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FLAT PANEL REVIEWS

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Al Griffin Posted: Dec 18, 2012 0 comments

When it comes to picture quality, LCD TVs ?with a full-array, “local dimming” LED backlight tend to outperform their edge-lit LED brethren by a not insubstantial margin. We’ve covered the particulars of LED backlight tech before, so I won’t get sidetracked in explaining it here, but the finer control afforded by a full-array design allows for improved contrast and, for the most part, better uniformity when displaying dark images. Sony was among the first TV makers to push full-array for LCD, and then mysteriously put the tech on hold. But it roared back in 2011 with the XBR-HX929 line, a series that pushed full-array to new heights. The newest such sets to arrive from Sony are the HX950 series, which started shipping in late 2012. Can they match, or even exceed, Sony’s vaunted HX929 TVs?

Geoffrey Morrison Posted: Oct 16, 2012 0 comments

Instead of starting this review by listing the features that Samsung put into its UN55EH6000 LCD TV, I’m going to start with what it doesn’t have. There’s no 3D. There are no Smart TV features. It’s not wafer-thin. It doesn’t even have an edge-lit LED back- light (though its “direct-lit” backlight does use LEDs). In other words, it lacks all the latest features found in most modern LCDs.

Al Griffin Posted: Aug 23, 2012 0 comments

There are two stories to tell about Samsung’s new E8000 line of plasma TVs. The first, and likely the more compelling one for S+V readers, is that the E8000 continues Samsung’s streak of putting out plasmas that meet videophile standards for color accuracy, contrast, and shadow detail. The second is that the E8000 is one of the company’s flagship “Smart TV” lines. This basically means that every Smart feature you can think of has been tossed in, including voice and gesture control, face recognition, Web browser, interactive fitness training — the list goes on.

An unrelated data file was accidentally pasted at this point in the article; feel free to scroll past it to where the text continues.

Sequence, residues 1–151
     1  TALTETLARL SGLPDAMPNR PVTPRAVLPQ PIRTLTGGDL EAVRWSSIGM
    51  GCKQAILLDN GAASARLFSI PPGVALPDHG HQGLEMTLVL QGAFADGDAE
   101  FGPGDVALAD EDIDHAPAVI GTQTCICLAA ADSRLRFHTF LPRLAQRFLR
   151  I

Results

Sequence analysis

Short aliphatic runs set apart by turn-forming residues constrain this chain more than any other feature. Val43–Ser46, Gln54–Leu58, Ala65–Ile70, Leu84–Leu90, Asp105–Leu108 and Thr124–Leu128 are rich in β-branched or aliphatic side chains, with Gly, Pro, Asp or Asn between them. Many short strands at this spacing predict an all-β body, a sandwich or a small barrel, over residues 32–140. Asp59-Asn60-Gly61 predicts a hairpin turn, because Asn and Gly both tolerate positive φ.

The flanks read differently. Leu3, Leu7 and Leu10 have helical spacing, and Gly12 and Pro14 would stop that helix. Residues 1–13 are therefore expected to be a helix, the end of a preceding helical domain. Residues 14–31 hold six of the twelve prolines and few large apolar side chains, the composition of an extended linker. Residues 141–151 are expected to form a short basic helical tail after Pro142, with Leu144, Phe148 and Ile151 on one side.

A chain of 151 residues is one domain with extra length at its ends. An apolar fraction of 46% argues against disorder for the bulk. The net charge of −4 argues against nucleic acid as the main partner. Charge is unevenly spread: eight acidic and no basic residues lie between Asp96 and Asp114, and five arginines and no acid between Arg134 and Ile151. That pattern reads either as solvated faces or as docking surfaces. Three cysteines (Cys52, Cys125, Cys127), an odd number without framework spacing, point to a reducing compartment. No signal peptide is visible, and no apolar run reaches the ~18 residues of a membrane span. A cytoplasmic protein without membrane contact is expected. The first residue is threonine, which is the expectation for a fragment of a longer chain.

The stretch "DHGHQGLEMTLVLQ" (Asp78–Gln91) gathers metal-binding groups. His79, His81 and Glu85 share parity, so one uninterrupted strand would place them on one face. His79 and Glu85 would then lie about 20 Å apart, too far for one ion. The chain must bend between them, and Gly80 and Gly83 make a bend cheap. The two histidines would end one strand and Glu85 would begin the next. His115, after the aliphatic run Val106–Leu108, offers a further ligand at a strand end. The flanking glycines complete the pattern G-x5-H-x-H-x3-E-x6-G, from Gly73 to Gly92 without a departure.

Al Griffin Posted: Jun 05, 2012 0 comments

One argument made by naysayers when 3D TV first arrived was that the feature would jack up prices for flat-panel sets. That did prove sort of true at first, but 3D was quickly folded into the general feature package for most TVs, leaving set prices to continue their downward trajectory. Case in point: Panasonic’s new TC-P55ST50. The first Panasonic 3D TV I reviewed 2 years back had a 50-inch screen and cost $2,600. But the company’s new P55ST50 3D plasma has a larger, 55-inch screen and costs around $1,600. Depending on how the rest of this review plays out, that could mean we have a serious bargain on our hands.